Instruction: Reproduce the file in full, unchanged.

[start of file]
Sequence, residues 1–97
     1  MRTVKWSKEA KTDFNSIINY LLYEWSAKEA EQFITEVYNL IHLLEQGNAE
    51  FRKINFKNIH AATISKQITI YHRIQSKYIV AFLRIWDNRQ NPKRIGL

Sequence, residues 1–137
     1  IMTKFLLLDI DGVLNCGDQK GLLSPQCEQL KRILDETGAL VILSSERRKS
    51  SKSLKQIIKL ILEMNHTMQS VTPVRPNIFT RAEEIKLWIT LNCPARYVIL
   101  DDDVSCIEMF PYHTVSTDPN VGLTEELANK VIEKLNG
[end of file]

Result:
Sequence, residues 1–97
     1  MRTVKWSKEA KTDFNSIINY LLYEWSAKEA EQFITEVYNL IHLLEQGNAE
    51  FRKINFKNIH AATISKQITI YHRIQSKYIV AFLRIWDNRQ NPKRIGL

Sequence, residues 1–137
     1  IMTKFLLLDI DGVLNCGDQK GLLSPQCEQL KRILDETGAL VILSSERRKS
    51  SKSLKQIIKL ILEMNHTMQS VTPVRPNIFT RAEEIKLWIT LNCPARYVIL
   101  DDDVSCIEMF PYHTVSTDPN VGLTEELANK VIEKLNG